Some of the most greasy, cheesy food taking over social media, is our food slowly moulding for that perfect picture on the internet?
Gluttony must be declared as the word of the year! Did we realise how our everyday food gradually has taken such a prominent place even on our digital spaces, but with so much grandeur? From a comforting bowl of salad to some of the most indulgent, fluffliest pancakes or some of the highly decorated, ever inviting monster shakes — they’re all floating everywhere on the Internet — constantly giving us a reason to want to eat more. After the social media gave in to these temptations, restaurants also seem to be making an effort to present food in a way that makes for a pretty picture that you can put up on your Instagram. So, is this the next food trend, — Instagrammable food?
If you’re a foodie living in the city, you’re definitely following a few of the most popular food pages and blogs, where scores of fellow good-food-worshippers are continually reminding you of all the restaurants you haven’t visited yet. On these platforms, food politics seems to take place on a whole other level — pictures seem to be the key for this part of the world.
So, if a dish at some unknown restaurant looks particularly appealing, and even though the post screams about how bad it tastes, the rest of the social platform has to try it out and capture the visual treat too. Of late, the video of a particular moongil (bamboo) biryani caught the attention of the ever-hungry on the web. And it was nothing short of winning an adrenaline-high treasure hunt when the city found out where it was being served. The story after that? Scores of biryani-cravers visiting the place just to see how the basmati rice fell out of the long bamboo.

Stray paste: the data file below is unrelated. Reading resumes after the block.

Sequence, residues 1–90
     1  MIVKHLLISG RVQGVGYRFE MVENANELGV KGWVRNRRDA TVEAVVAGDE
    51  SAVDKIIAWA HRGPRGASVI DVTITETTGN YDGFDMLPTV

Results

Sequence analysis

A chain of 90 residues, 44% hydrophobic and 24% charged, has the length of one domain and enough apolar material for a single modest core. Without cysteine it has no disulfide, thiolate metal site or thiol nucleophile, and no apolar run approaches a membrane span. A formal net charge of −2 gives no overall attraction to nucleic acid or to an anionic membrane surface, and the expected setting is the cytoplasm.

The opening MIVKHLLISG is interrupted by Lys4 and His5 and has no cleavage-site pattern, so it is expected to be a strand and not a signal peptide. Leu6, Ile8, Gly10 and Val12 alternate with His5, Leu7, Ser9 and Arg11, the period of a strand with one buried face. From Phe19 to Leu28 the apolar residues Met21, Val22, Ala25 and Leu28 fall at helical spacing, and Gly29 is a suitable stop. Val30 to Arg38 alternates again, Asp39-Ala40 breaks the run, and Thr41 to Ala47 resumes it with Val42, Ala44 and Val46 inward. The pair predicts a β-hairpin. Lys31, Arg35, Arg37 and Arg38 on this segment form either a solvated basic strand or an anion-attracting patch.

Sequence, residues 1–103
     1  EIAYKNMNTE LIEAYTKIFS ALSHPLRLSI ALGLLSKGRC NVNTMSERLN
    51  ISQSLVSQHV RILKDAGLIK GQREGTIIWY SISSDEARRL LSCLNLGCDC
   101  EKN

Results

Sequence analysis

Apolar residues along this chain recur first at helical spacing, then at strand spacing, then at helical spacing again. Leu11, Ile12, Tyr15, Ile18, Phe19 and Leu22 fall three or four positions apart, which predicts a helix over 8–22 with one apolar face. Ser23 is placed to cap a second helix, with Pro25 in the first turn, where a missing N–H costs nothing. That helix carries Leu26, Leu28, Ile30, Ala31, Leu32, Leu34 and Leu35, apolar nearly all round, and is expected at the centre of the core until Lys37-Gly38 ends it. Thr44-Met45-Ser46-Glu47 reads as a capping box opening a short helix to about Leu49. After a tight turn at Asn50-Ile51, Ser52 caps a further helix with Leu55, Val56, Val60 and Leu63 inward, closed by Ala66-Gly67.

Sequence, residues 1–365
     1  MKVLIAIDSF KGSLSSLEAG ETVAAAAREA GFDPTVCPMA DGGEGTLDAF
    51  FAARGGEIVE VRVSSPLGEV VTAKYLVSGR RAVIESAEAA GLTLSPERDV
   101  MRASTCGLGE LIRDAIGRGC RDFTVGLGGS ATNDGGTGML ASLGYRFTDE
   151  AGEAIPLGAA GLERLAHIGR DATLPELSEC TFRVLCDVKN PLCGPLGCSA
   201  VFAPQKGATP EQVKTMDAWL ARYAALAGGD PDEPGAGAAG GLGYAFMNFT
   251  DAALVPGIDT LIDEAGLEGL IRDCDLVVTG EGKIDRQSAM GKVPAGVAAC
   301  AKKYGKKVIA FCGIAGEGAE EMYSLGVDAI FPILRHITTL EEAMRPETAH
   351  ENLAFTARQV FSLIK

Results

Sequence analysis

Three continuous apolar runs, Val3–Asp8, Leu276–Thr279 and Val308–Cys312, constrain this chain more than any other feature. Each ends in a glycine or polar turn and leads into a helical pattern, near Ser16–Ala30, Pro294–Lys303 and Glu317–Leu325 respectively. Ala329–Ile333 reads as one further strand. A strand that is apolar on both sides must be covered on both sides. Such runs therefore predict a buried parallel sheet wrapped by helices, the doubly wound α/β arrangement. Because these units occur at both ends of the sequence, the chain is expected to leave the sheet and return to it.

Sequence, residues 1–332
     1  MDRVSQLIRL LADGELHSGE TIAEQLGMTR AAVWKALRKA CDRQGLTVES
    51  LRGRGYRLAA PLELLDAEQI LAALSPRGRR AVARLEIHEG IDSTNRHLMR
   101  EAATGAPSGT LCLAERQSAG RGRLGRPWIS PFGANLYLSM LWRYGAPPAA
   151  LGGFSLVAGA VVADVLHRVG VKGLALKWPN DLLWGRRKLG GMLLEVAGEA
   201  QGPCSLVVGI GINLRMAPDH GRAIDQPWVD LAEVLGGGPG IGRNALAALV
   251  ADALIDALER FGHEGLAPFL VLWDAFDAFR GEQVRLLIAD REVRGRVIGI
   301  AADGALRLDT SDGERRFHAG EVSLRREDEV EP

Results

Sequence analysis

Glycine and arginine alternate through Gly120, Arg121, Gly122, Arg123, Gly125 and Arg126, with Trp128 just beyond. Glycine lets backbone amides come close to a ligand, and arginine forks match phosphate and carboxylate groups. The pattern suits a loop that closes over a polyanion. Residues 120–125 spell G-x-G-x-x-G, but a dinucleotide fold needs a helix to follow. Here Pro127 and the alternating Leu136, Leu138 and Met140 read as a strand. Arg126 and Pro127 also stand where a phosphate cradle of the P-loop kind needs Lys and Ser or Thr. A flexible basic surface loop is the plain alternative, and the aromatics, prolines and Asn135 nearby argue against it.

Manager Ajmal of Chickies Restaurant, which rose to fame after the video, is busier than ever with Chennaiites flocking to his restaurant for the dish. “There has been at least 60 per cent rise in the number of people who order the moongil biryani. And everyone definitely wants to make a video or click pictures as the waiter serves the rice out of the bamboo stick. I think it’s for the sight that many have been visiting us,” Ajmal says.
It was a similar digital explosion of monster shakes when Ashvita Bistro first launched them in the city. Whether one could finish the shake or not, it had to make it to everyone’s Instagram account. Ashvin Rajagopalan of Ashvita elaborates, “People want to see this opulence. We are at a certain stage in our history where we see food and get gluttonous — not necessarily in a bad sense. But, we want to see more food, which is why eating anything cheesy or fried seems a lot more delicious. And I think there’s some amount of visual to it. These monster shakes are highly indulgent, definitely, and happen to make for good pictures, which we’re not complaining about. Whether people finish it or not, every table that orders for monster shakes surely clicks pictures of it. People in Chennai usually are not used to seeing well-presented food and they’d like to show that they’re eating.”
Waffles overloaded with cream, berries and other toppings have become another such addiction for netizens. Minakshi Anand, the ideator of Waffles Thru The Day, has seen some of her dishes become instant hits on Instagram, with the pictures acting as digital marketers for her place. “The power of hashtags is today’s game changer. A picture has always been worth a thousand words, and a pictorial representation from the culinary world, especially on social media, takes one’s creative exploits across generations, cultures and countries.” One can only look forward to how much more dramatic future food can get!